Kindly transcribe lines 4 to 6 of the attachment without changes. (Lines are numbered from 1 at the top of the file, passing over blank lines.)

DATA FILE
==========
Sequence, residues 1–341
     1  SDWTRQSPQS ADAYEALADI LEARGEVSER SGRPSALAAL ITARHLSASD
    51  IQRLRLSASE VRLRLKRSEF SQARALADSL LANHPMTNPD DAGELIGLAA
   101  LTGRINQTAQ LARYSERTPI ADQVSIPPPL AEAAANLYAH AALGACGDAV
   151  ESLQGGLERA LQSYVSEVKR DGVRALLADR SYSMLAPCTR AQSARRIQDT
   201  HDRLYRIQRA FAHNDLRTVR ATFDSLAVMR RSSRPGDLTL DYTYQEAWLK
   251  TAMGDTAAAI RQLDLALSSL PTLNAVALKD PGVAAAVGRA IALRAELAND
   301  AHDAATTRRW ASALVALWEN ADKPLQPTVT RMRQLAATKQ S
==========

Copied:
   101  LTGRINQTAQ LARYSERTPI ADQVSIPPPL AEAAANLYAH AALGACGDAV
   151  ESLQGGLERA LQSYVSEVKR DGVRALLADR SYSMLAPCTR AQSARRIQDT
   201  HDRLYRIQRA FAHNDLRTVR ATFDSLAVMR RSSRPGDLTL DYTYQEAWLK